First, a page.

Pasta with pecan pesto, pronto

by Terry B on September 10, 2008

Fresh basil, garlic and Parmesan pack plenty of flavor in this quick dish, perfect for weeknight suppers. Besides boiling water for pasta, the only cooking involved is pan toasting the pecans.

A quick note: Welcome to the new home of Blue Kitchen! Following this post, I’ll tell you a little bit about what you’ll find here—and what to expect in the coming weeks. Be sure to scroll down for the whole story.

For the second year in a row, we didn’t have a garden. That meant no fresh tomatoes, still warm from the sun. No fragrant fresh rosemary. And perhaps worst of all, no armloads of fresh basil to turn into delicious batches of pesto—some to be consumed immediately, some to be frozen in small zippered bags for a taste of summer in midwinter.

So when Marion picked up a single, smallish basil plant in a market a couple of weeks ago, we both knew its ultimate fate. It was far too late in the season to plant in the yard or even bother with repotting. Instead, it sat on the kitchen counter, basking in the sunlight through the south-facing window, innocent of its rapidly approaching end.

We sometimes brushed against it, accidentally or on purpose, releasing that wonderful scent I can only describe as summer. And we occasionally harvested a few leaves—to mix into a tuna salad or chop and sprinkle over tomato slices.

Finally, the other night, I made pesto. I started by quickly pan toasting the pecans, so they’d have a chance to cool. Then I put on a big pot of water for pasta. By the time it had come to a rolling boil, I had all the pesto ingredients in the food processor, waiting to be ground into a heady, heavenly sauce for the pasta.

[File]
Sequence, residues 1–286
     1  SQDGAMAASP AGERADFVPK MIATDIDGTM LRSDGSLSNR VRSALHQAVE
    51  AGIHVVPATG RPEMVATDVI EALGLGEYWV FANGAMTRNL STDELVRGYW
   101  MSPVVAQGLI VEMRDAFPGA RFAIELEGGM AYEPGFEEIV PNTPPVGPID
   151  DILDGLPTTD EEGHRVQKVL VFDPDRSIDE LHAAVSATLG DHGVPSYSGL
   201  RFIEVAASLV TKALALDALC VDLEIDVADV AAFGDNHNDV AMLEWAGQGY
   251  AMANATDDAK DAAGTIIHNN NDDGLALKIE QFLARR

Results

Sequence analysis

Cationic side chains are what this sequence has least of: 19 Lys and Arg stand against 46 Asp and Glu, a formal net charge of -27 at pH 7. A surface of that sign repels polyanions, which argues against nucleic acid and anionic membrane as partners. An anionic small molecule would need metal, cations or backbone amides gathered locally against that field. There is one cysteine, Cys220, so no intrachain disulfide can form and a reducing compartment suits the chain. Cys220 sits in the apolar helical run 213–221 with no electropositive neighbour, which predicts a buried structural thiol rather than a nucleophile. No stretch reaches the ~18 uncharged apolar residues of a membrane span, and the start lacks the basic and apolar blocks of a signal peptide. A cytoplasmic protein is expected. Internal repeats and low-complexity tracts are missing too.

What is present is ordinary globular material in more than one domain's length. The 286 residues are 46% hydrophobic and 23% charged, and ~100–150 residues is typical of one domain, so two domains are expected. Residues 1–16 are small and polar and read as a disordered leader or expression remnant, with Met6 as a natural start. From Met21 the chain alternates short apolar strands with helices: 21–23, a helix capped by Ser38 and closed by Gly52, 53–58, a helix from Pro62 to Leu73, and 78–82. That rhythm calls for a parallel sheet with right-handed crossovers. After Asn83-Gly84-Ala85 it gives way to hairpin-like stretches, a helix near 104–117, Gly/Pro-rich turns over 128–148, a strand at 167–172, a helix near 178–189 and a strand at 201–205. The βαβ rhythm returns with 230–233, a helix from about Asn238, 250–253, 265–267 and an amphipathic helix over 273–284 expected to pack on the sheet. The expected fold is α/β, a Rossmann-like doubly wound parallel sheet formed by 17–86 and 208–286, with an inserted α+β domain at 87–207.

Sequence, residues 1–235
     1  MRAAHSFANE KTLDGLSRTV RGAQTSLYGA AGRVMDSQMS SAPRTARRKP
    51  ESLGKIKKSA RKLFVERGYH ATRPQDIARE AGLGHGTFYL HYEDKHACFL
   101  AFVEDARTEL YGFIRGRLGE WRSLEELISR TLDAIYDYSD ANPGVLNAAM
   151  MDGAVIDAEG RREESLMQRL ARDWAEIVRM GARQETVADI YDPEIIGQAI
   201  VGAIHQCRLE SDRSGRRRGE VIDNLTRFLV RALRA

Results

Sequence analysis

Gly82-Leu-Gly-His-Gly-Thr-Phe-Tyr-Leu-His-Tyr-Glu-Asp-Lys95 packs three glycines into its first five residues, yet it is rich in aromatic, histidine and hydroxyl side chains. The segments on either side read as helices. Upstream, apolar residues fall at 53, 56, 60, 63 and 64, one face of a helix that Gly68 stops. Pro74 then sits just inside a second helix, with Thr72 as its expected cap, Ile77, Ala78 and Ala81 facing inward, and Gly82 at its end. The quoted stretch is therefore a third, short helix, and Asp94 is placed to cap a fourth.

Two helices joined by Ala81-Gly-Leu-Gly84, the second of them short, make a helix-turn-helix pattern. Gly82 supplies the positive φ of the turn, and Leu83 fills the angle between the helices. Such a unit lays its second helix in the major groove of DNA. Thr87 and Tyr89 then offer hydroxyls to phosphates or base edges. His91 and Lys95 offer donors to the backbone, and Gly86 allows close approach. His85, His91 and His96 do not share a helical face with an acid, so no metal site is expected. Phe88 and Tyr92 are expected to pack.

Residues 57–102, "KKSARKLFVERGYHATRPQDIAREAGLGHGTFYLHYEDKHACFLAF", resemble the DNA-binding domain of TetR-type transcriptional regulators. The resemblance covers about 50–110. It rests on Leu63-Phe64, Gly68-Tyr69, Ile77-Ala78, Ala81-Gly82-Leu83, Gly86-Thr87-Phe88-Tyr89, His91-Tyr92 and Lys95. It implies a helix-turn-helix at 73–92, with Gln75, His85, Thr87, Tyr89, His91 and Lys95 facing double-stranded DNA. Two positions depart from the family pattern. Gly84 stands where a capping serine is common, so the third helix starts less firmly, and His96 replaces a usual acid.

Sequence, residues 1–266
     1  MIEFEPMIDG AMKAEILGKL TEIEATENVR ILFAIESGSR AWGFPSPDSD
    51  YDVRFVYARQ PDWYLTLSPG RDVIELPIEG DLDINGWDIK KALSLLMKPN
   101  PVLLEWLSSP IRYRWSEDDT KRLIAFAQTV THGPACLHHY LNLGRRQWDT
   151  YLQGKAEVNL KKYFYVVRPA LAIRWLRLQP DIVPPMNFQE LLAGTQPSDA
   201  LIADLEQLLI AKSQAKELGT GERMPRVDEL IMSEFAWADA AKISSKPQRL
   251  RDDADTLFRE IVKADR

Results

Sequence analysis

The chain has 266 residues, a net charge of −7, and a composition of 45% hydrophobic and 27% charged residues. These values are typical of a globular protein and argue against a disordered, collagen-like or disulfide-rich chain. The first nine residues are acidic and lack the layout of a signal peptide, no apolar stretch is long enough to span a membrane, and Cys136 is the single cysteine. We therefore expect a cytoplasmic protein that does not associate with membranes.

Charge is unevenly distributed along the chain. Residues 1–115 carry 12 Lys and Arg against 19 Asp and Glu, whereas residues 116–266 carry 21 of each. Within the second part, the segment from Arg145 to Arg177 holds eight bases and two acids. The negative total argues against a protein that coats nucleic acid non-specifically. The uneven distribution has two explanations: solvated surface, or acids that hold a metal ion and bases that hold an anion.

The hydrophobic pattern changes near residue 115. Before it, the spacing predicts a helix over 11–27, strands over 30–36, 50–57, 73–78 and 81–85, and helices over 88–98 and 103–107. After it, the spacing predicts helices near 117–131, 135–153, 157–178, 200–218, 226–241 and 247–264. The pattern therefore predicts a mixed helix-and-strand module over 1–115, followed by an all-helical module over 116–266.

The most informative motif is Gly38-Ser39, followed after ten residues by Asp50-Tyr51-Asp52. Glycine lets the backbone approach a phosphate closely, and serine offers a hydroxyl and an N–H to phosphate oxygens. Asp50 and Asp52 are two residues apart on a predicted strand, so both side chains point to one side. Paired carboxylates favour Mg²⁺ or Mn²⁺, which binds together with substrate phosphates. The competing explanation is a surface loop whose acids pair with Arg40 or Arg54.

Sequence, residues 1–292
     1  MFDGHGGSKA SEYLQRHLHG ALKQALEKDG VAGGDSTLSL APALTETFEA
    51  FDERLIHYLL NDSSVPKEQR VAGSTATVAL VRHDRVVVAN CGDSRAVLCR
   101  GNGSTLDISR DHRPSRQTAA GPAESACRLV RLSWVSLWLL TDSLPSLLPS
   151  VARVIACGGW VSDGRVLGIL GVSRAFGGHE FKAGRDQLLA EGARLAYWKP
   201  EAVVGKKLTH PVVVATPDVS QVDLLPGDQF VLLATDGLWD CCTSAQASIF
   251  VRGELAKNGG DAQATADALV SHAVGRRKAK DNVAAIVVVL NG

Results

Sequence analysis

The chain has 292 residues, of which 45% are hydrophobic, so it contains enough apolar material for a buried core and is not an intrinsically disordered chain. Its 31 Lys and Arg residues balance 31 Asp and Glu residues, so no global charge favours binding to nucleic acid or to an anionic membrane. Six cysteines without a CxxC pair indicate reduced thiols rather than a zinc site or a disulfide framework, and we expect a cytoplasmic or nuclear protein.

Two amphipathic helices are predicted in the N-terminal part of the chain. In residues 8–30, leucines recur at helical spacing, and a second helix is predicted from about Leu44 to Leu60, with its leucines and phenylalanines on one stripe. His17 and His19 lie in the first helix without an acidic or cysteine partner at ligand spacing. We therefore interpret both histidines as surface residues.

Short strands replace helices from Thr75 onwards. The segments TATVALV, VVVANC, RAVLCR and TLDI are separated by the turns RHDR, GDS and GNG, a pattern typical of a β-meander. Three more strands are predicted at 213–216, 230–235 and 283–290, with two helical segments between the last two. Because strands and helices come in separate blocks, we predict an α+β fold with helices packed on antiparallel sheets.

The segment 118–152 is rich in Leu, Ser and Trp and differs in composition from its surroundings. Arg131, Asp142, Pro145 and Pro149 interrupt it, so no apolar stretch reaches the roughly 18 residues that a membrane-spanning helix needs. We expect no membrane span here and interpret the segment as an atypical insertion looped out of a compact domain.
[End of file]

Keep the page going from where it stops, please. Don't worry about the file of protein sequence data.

Fettuccine with Pecan Pesto
2 to 4 servings, depending on amount of pasta cooked

1/2 cup pecans [or other nuts—see Kitchen Notes]
2 large garlic cloves, minced
1/2 teaspoon salt
2 cups packed fresh basil leaves, washed and spun dry
1/2 cup good quality olive oil [see Kitchen Notes]
1/3 cup freshly grated Parmesan [see Kitchen Notes]
hot water
salt and freshly ground black pepper

Fettuccine, 12 to 16 ounces uncooked [see Kitchen Notes]

Toast pecans in a nonstick skillet over a medium-low flame, stirring occasionally, until golden and fragrant—about 5 minutes. Transfer to a shallow bowl or plate in a single layer to cool completely.

Mince garlic and mix with 1/2-teaspoon salt in a small bowl, mashing with a fork to form a paste of sorts. Combine basil, pecans, garlic and Parmesan in bowl of food processor. Pulse several times to coarsely chop and combine everything. Add olive oil and 2 tablespoons hot water [you can steal some from the boiling pasta water] and blend to proper consistency. Don’t overprocess—you want a little texture to the pesto. You may need to scrape down the sides with a spatula and pulse mixture to get an even consistency.